The 7 Aspects of Wellness Medicine
Dr Rajen Cooppan practices as a General and Ayurvedic Practitioner in Durban, South Africa, integrating nutritional and lifestyle medicine with allopathic practice. He is also the mentor to Neerja Ahuja and students at the Ayurvedic Awareness Centre in Perth where I myself studied the Foundations of Clinical Ayurveda 5 years ago. I was privileged to attend a seminar facilitated by Dr Cooppan a few weeks ago while he was visiting Perth. His teachings helped me to deepen my understanding of the 7 Aspects of Wellness Medicine. As humans, we are currently encountering numerous external threats to our health. By focussing our attention on what we can do to optimise wellness internally, we will be better serving ourselves, our families and the communities in which we live.
1. Competent Nutrition
Most of us have an idea of what good nutrition means, however with so many different people and organisations telling us what we should eat, it can get quite overwhelming. From an Ayurvedic perspective, it is advised that we eat a plant-based diet composing of organic, high quality whole foods. Our diet should include whole grains, fresh fruit and vegetables and protein. In particular, we need to ensure our diet contains essential fatty acids, essential minerals, vitamins, omega 3s and trace elements, carotenoids, flavonoids and cruciferous vegetables. If you’re interested in understanding more about how to choose what you eat in order to optimise your health, then consider watching the one-hour documentary “In Defence of Food” by Michel Pollan. For a brief introduction to the film, watch this 2-minute trailer.
2. Balanced Metabolism
Our metabolism is the result of our body’s enzymes and hormones working in sync and excreting toxins from our body. Eating a diet as described above will help provide the necessary nutrients to produce the enzymes and hormones we need and ensure that our detoxification pathways function optimally. One dietary supplement that is particularly useful for balancing our metabolism is colostrum. This can be purchased in powder form. Avoiding toxins, such as sugar, alcohol and cigarettes, is another way to support our metabolism to remain in balance.
3. Peace of Mind
Maintaining mental and emotional equanimity is analogous to emotional detoxification. Again, competent nutrition is critical to achieving emotional wellbeing. Dietary deficiencies such as zinc can cause mental agitation, so optimising our intake of essential vitamins and minerals are important for sustaining peace of mind. Other important lifestyle factors that support peace of mind include meditation, physical activity and meaningful social connection.
4. Adequate Sleep
Most people in the modern world are sleep deprived and this persistent lack of sleep is contributing significantly to the world’s chronic disease burden. It is well-known that humans need 7-9 hours of sleep every night. Of all the aspects of wellness, adequate sleep is the highest priority. Sleep is the time when our bodies undergo a process of rejuvenation by releasing growth hormone. Growth hormone is an anti-ageing hormone that is essential to optimising our wellness.
5. Appropriate exercise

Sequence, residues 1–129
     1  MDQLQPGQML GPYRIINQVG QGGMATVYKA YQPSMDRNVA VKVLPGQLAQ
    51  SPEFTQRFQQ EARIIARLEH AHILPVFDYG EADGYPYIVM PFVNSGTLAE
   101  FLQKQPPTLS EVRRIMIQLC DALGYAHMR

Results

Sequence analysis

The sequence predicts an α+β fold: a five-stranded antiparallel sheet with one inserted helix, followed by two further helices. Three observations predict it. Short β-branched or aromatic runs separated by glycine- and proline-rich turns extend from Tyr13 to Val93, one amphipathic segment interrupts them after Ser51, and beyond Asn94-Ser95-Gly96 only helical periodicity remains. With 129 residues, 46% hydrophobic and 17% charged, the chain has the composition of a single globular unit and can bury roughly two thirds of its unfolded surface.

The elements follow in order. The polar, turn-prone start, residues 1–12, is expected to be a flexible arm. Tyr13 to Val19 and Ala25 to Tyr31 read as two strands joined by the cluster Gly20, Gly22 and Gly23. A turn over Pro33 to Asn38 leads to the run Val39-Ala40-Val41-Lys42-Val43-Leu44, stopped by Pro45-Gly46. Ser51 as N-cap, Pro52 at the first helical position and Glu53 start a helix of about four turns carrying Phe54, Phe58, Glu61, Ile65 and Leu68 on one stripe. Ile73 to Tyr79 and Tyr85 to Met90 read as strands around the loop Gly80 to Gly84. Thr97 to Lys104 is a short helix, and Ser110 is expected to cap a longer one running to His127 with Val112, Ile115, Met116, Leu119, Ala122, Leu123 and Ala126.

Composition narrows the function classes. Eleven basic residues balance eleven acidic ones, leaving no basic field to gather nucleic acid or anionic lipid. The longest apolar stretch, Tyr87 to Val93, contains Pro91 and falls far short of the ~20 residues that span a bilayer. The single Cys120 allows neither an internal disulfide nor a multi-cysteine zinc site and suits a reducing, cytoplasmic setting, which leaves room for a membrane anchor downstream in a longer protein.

Not all individuals require the same types of exercise. In Ayurveda, an assessment of the person’s body type is helpful for determining what type of exercise is appropriate. Milder body types are best served by repleting exercise, such as yoga and tai chi. Stronger body types need more aerobic exercise such as weights and running. Regular appropriate exercise is important for maintaining our metabolism, creating peace of mind and sustaining immune competence.
6. Immune competence
Our immune system is constantly being challenged by pathogens and toxins from the world around us. In order to ensure our immune system is functioning efficiently and effectively, it is important to provide it with essential nutrients in our diet. These include the carotenoids, flavonoids and cruciferous foods. Adequate sleep, managing our stress levels effectively, appropriate exercise and nurturing our relationships are also important factors for maintaining immune competence.
7. Joy & Bliss
The default physiological state of the human being is joy and bliss. Joy is an innate state of being that can be evoked with competent nutrition, adequate sleep, appropriate exercise and peace of mind. The limbic system, in particular the hippocampus and amygdala, are our threat detection centres that produce neuropeptides that communicate emotion to the body. We experience joy when the emotional state of the brain is in balance. According to the Dalai Lama and Desmond Tutu, there are 8 habits that can be practised on a regular basis to optimise our levels of joy and bliss. These include
For a more detailed exploration of the 8 pillars of joy, you might like to refer to “The Little Book of Joy” by the Dalai Lama and Desmond Tutu.
By attending to each of these 7 Aspects of Wellness on a daily basis, it shouldn’t take long for you to start noticing a shift in your sense of wellbeing. Personally, since completing my Ayurveda training 5 years ago, I have been making a conscious effort to eat a diet containing the necessary nutrients for wellness, meditate regularly, get at least 7 hours of sleep (almost) every night, practice yoga (almost) every morning and embrace the 8 pillars of joy in my daily life in order to maintain a balanced metabolism and competent immune system. Consequently, I am experiencing the benefits, which include good energy levels, peace of mind and infrequent illness. I must disclose that this is a result of seeking the support of my family and friends as well as holistic health practitioners with skills in wellness medicine. Achieving wellness is a shared journey and I encourage you to engage a team of supporters to ensure you can manifest a state of wellbeing and enjoy a long and fulfilling life.